ImpactAlpha, Oct. 2 – Reduced bias. Increased performance. More impact.
That’s the timely thesis of Illumen Capital, the impact investment fund-of-funds led by Daryn Dodson that this week closed on its $85 million first fund.
Anchoring the fund are Ford Foundation, W.K. Kellogg Foundation, Weingart Foundation and Deutsche Bank. At least five family offices also backed the fund, including 4S Bay Partners in Chicago and HRK Investments in Saint Paul, MN. Illumen already has selected nine impact investment funds that are targeting equitable outcomes in education and health technology, financial inclusion and sustainable energy.
Illumen’s strategy: Train fund managers in its portfolio to root out implicit, not to mention explicit, racial and gender biases and thereby increase returns by optimizing drivers of value, including investment opportunities, hiring and board selection.
The required training, over a 10-year period, helps both white fund managers and managers of color correct for biases that cause managers to overlook talented entrepreneurs and misallocate capital.
More than most industries, asset management has failed to achieve diversity in leadership and ownership. Firms owned by women and minorities manage just 1.3% of assets in the $69 trillion asset management industry. Research last year from Illumen and Stanford SPARQ’s Jennifer Eberhardt showed that Black, male fund managers faced greater levels of bias the better their performance.
Impact investing hasn’t escaped such bias, says Dodson, previously a consultant to the board of the Calvert Funds.
“Within the impact investing ecosystem, one of the huge drags on our ability to redefine finance and asset management within the world is the underestimation and overlooking of women and people of color,” he says, including in investments, hiring and portfolio companies’ board selection strategies.
One of Illumen’s goals, says Dodson: “Make impact investing deliver on its promise.”
Investment firms responded to the police killings of George Floyd, Breonna Taylor and other Black Americans, along with this year’s protests, with a wave of statements, if little action.
In contrast, says Dodson, who sits on the board of Ben & Jerry’s, “Our investors have stepped off the sidelines and taken a stance with their money,” says Dodson.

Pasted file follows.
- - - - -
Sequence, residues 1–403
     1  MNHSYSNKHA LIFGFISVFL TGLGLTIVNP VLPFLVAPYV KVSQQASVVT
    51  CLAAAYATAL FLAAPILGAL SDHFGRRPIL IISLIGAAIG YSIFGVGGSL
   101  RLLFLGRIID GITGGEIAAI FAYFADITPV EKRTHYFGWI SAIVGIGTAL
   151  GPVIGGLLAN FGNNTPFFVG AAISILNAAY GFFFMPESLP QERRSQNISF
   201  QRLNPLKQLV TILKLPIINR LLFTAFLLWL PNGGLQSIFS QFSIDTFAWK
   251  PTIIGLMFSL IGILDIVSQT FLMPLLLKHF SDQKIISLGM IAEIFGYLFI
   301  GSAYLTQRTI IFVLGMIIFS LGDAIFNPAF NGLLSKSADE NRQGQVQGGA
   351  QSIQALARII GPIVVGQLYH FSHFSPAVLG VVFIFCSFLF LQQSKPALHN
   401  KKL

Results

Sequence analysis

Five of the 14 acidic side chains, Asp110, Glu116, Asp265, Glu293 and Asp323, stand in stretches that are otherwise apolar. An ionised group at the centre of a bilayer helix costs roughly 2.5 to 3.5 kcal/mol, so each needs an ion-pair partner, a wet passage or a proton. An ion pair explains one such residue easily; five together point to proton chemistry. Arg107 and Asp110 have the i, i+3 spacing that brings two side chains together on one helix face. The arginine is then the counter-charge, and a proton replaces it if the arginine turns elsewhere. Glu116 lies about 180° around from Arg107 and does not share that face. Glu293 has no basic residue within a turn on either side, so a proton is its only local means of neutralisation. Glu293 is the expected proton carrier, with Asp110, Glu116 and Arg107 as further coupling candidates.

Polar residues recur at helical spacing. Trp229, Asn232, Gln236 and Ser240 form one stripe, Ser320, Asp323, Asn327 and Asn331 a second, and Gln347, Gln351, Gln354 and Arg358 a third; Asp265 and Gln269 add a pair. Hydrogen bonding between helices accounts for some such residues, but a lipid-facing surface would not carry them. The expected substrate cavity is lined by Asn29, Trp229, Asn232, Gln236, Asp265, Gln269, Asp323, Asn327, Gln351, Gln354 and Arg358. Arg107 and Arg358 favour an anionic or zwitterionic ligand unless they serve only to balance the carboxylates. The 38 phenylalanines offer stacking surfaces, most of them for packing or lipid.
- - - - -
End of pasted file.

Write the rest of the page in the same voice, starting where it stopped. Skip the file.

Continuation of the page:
Illumen pushes beyond diversity and inclusion initiatives that focus on junior level employees or a few portfolio companies. Partners sit on boards. They make reporting rules for their portfolio companies. They often have significant financial control in the companies they invest in.
“Partners of firms have power,” says Dodson. “What differentiates us is that we work with our managers to walk the walk and execute within their organizations and we do that in a way that recognizes the power analysis within the system that we’re in.”
“They have the ability to substantially move the needle,” he says.
The fund of funds structure allows Dodson to take on a systemic problem at a systemic level. Rather than anti-bias training, Illumen focuses on increasing representation of women and people of color in key levers of power within the fund. That is, in hiring, promoting and retaining talent, in selection of investments, and in board selection of portfolio companies.
Another Illumen strategy, Impact Experiences, an organization Dodson co-founded, provides on-site and virtual experiences for managers and limited partners to gain context around slavery, lynching, mass incarceration and “how the asset management business came to be so segregated,” says Dodson.
The group has partnered with local organizations in Montgomery, Alabama, for example, to highlight the historical challenges faced by Black entrepreneurs that continue to today. The experiences, says Dodson, “helps people understand the context in which Black entrepreneurs are working to achieve outsized returns and have an impact and be recognized for the humanity and brilliance they bring to the marketplace.”
For Illumen, returns and impact depend on rooting out bias. A legally-binding side letter articulates the bias reduction commitments each manager makes over the life of the investment.
Correcting the racial and gender imbalance in asset management will ultimately mean shifting roughly $35 trillion in assets to firms by women and people of color. Says Dodson, “Our goal is to never stop reducing bias – to increase returns and impact – until that’s achieved.”